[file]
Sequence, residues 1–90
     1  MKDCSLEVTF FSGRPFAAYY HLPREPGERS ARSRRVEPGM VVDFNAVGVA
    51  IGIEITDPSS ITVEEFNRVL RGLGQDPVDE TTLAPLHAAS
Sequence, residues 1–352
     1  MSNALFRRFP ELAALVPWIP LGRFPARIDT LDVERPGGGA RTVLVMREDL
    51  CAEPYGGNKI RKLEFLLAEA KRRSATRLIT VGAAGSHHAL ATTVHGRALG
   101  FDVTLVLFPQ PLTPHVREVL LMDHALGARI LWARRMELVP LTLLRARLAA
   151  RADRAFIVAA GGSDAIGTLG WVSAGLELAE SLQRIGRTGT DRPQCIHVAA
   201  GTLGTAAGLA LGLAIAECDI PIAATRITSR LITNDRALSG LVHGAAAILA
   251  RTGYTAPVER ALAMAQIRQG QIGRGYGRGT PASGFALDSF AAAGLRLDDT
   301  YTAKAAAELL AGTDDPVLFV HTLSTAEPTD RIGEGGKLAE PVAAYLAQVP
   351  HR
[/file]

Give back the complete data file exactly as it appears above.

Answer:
Sequence, residues 1–90
     1  MKDCSLEVTF FSGRPFAAYY HLPREPGERS ARSRRVEPGM VVDFNAVGVA
    51  IGIEITDPSS ITVEEFNRVL RGLGQDPVDE TTLAPLHAAS
Sequence, residues 1–352
     1  MSNALFRRFP ELAALVPWIP LGRFPARIDT LDVERPGGGA RTVLVMREDL
    51  CAEPYGGNKI RKLEFLLAEA KRRSATRLIT VGAAGSHHAL ATTVHGRALG
   101  FDVTLVLFPQ PLTPHVREVL LMDHALGARI LWARRMELVP LTLLRARLAA
   151  RADRAFIVAA GGSDAIGTLG WVSAGLELAE SLQRIGRTGT DRPQCIHVAA
   201  GTLGTAAGLA LGLAIAECDI PIAATRITSR LITNDRALSG LVHGAAAILA
   251  RTGYTAPVER ALAMAQIRQG QIGRGYGRGT PASGFALDSF AAAGLRLDDT
   301  YTAKAAAELL AGTDDPVLFV HTLSTAEPTD RIGEGGKLAE PVAAYLAQVP
   351  HR